Recently, I’ve heard people decrying hierarchies, particularly in the Emerging Church movement. At first, I would nod my head. As a young feminist, this sounded great.
And then I got nervous….
Let me tell you a little bit about myself. In the seventies, while I was growing up, we lived in a laid-back beach town in Florida, where almost anyone with enough charisma could become a pastor.
We had a “home church.” My father (an engineer at NASA) had an ordination certificate.
My parents switched congregations at least five times. I’ve worshiped in about every type of space: a sanctuary, a storefront, a concrete block warehouse, a metal warehouse, a coffeehouse…you get the picture. I never really became a member of most of them, because they didn’t have any membership. Membership would indicate a certain hierarchy.
I watched as a window washer became a pastor, a sales person at the surf shop became a pastor, a pharmacist became a pastor, a popular high school football player became a pastor. With no specialized education (except for the Calvary Chapel pastors, they had six weeks of schooling). In all, the only thing that qualified them was a certain something.
The movement of the Spirit is what they would say. Which I didn’t doubt. But there were also some other things they had in common: they were all young, they were all good-looking, and they were all male.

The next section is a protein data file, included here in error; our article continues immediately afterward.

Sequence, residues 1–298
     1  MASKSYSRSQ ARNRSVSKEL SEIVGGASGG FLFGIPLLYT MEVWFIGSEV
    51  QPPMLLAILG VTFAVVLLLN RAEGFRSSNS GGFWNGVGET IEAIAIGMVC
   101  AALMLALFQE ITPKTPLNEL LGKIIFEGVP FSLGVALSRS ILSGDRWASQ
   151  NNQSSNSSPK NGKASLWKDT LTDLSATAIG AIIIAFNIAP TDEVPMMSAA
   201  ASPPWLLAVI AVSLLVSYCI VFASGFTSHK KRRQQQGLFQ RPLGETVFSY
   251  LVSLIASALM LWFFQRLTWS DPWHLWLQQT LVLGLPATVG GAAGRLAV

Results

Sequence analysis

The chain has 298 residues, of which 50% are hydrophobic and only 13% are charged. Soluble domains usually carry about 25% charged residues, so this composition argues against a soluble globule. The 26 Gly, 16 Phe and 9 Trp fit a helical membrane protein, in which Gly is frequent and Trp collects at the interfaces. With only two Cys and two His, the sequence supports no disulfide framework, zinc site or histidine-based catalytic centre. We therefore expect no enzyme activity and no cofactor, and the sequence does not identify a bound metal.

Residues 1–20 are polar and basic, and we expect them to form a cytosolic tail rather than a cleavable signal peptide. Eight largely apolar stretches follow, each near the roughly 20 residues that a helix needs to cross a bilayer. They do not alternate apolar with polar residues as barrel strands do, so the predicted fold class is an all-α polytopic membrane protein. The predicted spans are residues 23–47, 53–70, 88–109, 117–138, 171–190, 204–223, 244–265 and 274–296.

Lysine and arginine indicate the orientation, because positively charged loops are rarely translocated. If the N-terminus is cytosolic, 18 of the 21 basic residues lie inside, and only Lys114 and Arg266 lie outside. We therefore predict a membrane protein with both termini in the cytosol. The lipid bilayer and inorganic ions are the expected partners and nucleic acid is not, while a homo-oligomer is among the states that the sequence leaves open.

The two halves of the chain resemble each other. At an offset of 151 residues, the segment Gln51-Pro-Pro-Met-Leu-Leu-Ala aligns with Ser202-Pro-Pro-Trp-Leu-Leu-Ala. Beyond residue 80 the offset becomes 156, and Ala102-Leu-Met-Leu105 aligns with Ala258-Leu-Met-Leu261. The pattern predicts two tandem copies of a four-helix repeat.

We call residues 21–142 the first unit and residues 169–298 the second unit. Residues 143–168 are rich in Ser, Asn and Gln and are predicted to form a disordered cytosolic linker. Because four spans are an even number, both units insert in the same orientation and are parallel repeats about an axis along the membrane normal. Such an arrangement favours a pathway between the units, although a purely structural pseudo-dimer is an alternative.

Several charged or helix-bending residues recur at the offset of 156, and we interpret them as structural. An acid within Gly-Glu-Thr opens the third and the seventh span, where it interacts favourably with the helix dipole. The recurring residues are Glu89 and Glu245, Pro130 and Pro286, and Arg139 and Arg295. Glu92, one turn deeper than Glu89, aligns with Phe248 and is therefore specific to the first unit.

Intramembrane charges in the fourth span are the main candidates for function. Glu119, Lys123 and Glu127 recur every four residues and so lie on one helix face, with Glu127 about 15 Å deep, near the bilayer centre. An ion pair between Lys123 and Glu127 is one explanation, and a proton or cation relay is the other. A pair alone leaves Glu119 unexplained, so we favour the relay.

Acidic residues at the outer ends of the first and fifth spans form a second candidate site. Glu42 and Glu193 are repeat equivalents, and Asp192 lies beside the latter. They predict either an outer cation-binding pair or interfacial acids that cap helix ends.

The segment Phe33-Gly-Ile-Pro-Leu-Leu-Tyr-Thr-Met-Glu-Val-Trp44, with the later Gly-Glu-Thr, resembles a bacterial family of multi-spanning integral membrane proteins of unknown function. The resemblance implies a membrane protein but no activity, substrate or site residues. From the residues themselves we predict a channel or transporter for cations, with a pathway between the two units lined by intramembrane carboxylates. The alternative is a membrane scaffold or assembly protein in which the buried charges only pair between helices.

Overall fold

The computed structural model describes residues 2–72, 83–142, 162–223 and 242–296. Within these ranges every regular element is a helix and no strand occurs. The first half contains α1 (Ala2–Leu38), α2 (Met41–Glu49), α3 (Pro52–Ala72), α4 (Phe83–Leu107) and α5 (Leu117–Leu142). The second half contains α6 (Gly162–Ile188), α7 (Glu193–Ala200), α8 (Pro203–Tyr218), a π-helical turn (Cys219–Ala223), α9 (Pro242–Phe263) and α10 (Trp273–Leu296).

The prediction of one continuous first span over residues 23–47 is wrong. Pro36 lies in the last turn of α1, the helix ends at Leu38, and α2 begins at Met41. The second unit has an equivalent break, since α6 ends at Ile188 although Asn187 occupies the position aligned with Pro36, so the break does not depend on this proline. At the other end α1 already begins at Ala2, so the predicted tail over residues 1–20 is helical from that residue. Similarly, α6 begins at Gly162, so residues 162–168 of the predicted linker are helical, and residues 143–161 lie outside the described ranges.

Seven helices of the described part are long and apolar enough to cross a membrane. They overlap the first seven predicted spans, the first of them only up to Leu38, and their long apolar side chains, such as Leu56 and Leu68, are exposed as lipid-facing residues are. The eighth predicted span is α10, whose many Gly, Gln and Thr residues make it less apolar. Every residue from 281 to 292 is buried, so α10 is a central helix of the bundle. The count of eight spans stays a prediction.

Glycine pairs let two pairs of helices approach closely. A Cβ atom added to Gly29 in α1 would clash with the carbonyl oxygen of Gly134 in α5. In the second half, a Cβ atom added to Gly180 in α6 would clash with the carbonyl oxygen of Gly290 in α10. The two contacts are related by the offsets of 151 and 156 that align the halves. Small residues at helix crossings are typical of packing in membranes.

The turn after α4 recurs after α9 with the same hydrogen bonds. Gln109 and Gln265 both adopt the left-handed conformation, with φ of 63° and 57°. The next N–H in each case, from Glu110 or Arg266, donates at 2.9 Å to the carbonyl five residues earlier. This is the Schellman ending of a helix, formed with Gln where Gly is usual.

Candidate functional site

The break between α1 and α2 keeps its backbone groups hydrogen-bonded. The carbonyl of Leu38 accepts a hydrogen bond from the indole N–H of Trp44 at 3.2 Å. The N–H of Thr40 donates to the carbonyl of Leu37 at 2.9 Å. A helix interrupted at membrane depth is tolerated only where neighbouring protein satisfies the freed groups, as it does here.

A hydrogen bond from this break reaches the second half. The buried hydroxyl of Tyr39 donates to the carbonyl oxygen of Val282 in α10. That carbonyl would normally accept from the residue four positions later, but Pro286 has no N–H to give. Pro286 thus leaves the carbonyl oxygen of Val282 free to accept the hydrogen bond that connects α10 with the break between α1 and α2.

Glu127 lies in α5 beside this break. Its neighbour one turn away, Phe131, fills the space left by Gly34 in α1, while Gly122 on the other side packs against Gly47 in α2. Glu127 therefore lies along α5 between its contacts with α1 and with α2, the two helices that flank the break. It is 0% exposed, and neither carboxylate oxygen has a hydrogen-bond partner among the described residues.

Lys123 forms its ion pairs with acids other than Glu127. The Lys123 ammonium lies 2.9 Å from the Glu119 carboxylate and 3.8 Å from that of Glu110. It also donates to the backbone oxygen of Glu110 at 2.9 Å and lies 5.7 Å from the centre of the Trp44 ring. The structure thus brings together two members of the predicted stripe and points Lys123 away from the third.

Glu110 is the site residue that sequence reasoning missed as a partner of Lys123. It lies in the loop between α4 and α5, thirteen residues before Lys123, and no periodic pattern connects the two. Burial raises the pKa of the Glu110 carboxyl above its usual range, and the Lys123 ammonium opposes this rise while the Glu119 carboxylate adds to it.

When the Spirit moved upon me at an early age, I quickly picked up on the fact that I would never be a pastor in any of the churches I grew up in.
As I got older, I realized some of the terrible things that happened in some of those churches (the same sorts of things that happen in denominational settings). There was clergy abuse: sexual misconduct, sometimes with children.
But there was no hierarchy. There was nothing that could be done about it. Sure, sometimes a pastor lost his job, but most of the time it was just covered up. If a secret got too out-of-hand, he just moved on to the next laid-back beach town and set up shop again.
It was a terrible spiritual environment.
So I left the rock-and-roll churches of my youth and joined a denomination where I could become a pastor, even though I wasn’t a handsome guy. I could go to seminary, learn theology, and make my way through the ordination process. And I could serve within a democratic form of church government, where laypeople have equal say in decisions.
That’s why I get nervous when we talk about throwing away all hierarchies. I’ve been there. It started out as exciting, but soon it became disastrous. Because without any hierarchy, there’s no accountability. And then who has all the power?